“The hand of the Prophet upon his shoulder aroused him. The Prophet said, ‘We must return immediately to Nauvoo.’ They walked silently and rapidly. Allen became very sorrowful over his recreancy to his duty and could not refrain from weeping. The Prophet asked him why he wept. Allen confessed, ‘I am an insufficient bodyguard—criminally neglectful of your welfare. I allowed that man you met to speak with you without even being ready to defend if he attacked you. He could have killed you and made his escape without my knowing who he is, which way he went or what he even looks like. You will have to dispense with my services and take a guard on which you can depend. Your life is too precious to be trusted to my care.’

“The Prophet then said, ‘That man would not harm me. You saw John the Revelator.'” (McConkie, Remembering Joseph, 210-211)

Sherrie’s Shield of Faith

This account, quoted in Angels, came from an Ensign article from 1995. The article is about a little girl named Sherrie who had to endure a 14-hour operation and was comforted in her recovery with many angelic visitors:

Following the surgery, Clayne and Debbie spent the day praying fervently and taking turns keeping vigil at Sherrie’s bedside. As he watched his red-haired daughter sleep in a curtained cubicle that night, Clayne worried that she might die, as Dr. Walker had warned. But Sherrie awoke the next morning and immediately began speaking. A feeling of reverence engulfed the cubicle. For a moment, Clayne was puzzled by Sherrie’s words.

“Daddy, Aunt Cheryl is here,” she told her father. “And another lady I don’t know is with her.” Clayne and an attending nurse, the only ones at Sherrie’s bedside, glanced at each other. Sherrie continued.

“Grandpa Norman [Sherrie’s deceased great-grandfather] and Grandma Brown [Sherrie’s deceased great-great-grandmother] are here. And Daddy, who is that standing beside you?”

“I don’t know, honey,” Clayne replied. “Who does he look like?”

“He looks like you, only taller.” Sherrie paused, then continued. “He says he’s your brother, Jimmy.”

Clayne was three when Jimmy, ten years his senior, died of cystic fibrosis. “I doubt that during Sherrie’s life Jimmy’s name had ever been mentioned,” Clayne says. “She had never even seen a picture of him.”

Clayne, feeling that Sherrie’s death was imminent, hurried from the intensive care unit to awaken Debbie, who was sleeping in the hospital’s parent room. “There are visitors,” he told his wife. “I can’t see them, and I doubt that you can see them. But I can feel them.”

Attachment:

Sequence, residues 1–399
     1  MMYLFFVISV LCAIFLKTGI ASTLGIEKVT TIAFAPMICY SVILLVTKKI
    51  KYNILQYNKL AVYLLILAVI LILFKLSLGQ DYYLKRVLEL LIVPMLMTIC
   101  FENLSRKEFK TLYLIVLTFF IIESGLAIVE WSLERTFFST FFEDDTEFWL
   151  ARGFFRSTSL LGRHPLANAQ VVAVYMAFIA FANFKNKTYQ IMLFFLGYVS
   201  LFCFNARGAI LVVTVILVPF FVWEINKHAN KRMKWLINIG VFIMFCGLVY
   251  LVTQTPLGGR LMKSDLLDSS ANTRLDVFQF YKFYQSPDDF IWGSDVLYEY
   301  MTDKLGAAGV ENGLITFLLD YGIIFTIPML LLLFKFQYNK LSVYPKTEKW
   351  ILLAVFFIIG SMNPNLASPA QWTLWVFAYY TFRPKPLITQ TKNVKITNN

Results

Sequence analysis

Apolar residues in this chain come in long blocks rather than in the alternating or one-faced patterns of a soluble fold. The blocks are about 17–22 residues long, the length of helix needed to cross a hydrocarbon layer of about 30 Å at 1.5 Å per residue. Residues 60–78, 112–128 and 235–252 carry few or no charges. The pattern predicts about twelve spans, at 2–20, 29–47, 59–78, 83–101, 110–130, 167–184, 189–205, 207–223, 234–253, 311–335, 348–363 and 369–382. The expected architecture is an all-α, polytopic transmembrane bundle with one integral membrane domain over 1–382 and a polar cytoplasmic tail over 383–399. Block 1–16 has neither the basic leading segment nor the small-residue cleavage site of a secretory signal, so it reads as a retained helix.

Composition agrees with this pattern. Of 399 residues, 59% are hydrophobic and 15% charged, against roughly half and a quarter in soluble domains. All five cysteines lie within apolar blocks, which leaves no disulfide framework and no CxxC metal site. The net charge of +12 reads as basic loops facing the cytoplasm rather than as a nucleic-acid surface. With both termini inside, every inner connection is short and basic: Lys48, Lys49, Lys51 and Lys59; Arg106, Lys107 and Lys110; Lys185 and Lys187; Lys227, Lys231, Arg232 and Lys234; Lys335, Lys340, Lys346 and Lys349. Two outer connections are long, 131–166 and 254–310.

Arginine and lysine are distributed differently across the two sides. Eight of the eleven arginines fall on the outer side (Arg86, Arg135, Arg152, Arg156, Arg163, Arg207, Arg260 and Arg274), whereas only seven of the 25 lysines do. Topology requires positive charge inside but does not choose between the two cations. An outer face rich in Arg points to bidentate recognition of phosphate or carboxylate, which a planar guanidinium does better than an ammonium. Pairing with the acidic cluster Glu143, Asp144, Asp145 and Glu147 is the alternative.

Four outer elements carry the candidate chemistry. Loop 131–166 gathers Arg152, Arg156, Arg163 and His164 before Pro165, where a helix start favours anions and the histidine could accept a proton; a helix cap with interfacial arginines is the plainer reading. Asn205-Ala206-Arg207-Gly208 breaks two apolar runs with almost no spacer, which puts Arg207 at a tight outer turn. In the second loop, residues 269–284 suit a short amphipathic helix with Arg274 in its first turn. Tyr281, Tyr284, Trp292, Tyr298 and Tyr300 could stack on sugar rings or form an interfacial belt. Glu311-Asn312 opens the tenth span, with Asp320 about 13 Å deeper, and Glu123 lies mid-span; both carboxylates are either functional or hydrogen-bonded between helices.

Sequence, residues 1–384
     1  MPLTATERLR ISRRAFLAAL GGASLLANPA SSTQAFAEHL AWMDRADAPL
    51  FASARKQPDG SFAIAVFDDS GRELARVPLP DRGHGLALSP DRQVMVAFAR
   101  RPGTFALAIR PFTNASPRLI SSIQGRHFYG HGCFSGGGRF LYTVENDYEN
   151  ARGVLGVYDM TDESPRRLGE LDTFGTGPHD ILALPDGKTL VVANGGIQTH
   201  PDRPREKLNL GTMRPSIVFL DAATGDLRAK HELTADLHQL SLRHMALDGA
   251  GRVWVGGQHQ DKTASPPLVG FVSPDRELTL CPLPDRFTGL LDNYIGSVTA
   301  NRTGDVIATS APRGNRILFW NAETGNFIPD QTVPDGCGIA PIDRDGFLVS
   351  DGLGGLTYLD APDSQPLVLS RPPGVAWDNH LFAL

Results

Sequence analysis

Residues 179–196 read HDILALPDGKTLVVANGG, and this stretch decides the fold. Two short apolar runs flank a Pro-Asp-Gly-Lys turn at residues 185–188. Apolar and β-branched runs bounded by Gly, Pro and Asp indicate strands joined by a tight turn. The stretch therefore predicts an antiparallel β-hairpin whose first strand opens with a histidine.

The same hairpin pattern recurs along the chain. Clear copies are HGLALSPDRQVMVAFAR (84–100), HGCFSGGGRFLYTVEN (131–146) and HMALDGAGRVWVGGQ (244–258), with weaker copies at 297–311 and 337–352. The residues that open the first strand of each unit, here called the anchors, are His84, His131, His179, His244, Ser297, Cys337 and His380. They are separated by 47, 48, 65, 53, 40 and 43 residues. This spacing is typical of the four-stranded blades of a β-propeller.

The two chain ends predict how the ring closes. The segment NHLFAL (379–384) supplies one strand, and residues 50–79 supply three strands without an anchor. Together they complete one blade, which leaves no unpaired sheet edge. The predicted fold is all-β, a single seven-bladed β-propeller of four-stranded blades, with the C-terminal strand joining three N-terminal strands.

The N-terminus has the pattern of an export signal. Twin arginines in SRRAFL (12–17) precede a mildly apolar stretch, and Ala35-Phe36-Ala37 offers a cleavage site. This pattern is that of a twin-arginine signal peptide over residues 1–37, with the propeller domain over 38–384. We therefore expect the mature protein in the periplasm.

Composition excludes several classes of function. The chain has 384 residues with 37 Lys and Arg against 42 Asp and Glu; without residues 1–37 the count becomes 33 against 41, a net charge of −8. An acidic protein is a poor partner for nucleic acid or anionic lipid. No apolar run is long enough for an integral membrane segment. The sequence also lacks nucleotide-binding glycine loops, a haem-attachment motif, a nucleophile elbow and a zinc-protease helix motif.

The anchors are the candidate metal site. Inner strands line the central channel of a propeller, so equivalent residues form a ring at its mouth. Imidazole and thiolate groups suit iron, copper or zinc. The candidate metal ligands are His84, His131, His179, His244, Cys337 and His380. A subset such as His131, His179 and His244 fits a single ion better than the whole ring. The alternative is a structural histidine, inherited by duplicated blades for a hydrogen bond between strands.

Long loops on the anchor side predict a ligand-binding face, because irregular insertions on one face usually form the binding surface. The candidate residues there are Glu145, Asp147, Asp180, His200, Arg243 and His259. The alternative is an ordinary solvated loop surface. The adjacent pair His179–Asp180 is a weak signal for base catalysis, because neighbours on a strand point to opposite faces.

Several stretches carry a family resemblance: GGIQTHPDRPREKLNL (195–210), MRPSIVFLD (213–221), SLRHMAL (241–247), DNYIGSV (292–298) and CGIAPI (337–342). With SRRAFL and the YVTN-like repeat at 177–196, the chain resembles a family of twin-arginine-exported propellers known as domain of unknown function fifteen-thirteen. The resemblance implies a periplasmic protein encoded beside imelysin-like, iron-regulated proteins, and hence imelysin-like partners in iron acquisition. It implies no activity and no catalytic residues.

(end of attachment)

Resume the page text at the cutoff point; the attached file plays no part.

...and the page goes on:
For nearly an hour, Sherrie looked about the cubicle and described her visitors, all deceased family members. Exhausted, she then fell asleep.

“Daddy, all of the children here in the intensive care unit have angels helping them,” Sherrie later told her father. Other visits and sacred experiences, before and after subsequent surgeries and during painful tests and procedures, followed.

“People from the other side helped,” Sherrie recalls tearfully. “When I was really in pain, they would come and help me calm down. They told me that I would be okay and that I would make it through.”

Wilford Woodruff and the Deathly Hallows

This account slightly reminiscent of the legend of the Deathly Hallows in Harry Potter, but teaches a great principle

At general conference in the Tabernacle in Salt Lake City, President Wilford Woodruff related another account wherein someone from the world of spirits came to receive a mortal at death. President Woodruff told of a deceased man named Peter Maughan, who had appeared to three mortals with the goal of appointing one of them to die. Peter went to the first and and conversed with him but concluded that he would not “call” that man to come to the other side of the veil. Peter then went to the second man, who, like the first, was not taken in death. The third man, days later, “was taken sick and died.” President Woodruff concluded: “Now, I name this to show a principle. They have work on the other side of the vail; and they want men, and they call them. And that was my view in regard to Brother George A. Smith. When he was almost at death’s door, Brother Cannon administered to him, and in thirty minutes he was up and ate breakfast with his family. We labored with him in this way, but ultimately, as you know, he died. But it taught me a lesson. I felt that man was wanted behind the vail.” (Journal of Discourses, 22:334)

Harold Be. Lee and the train accident

This account comes from Harold B. Lee. He tells the story of John and Almena Wells, who lost their son in a train accident.

President Harold B. Lee related the tragic experience of John Wells, a member of the Presiding Bishopric, and his wife, Almena, when their son was killed by a freight train in a canyon near Salt Lake City, Utah. Both parents experienced deep sorrow and heartache, but President Lee explained, “Sister Wells was inconsolable.” Her mourning and grieving, which began when she first heard of the accident and continued through the funeral, did not seem to help. She was “in a rather serious state of mind.” Soon after the funeral, while Sister Wells was mourning on her bed, “her son appeared to her and said, ‘Mother do not mourn, do not cry. I am all right.'” Her son explained the nature of the accident, that he had tripped on a root and fell on the tracks as the train passed. “He said that as soon as he realized that he was in another environment he tried to see his father, but couldn’t reach him. His father was so busy with the duties in his office he could not respond to his call. Therefore he had come to his mother. He said to her, ‘You tell Father that all is well with me, and I want you not to mourn any more.'” Bishop and Sister Wells’s son had appeared as a ministering spirit to comfort his parents after his untimely death. (Teachings of Harold B. Lee, 415.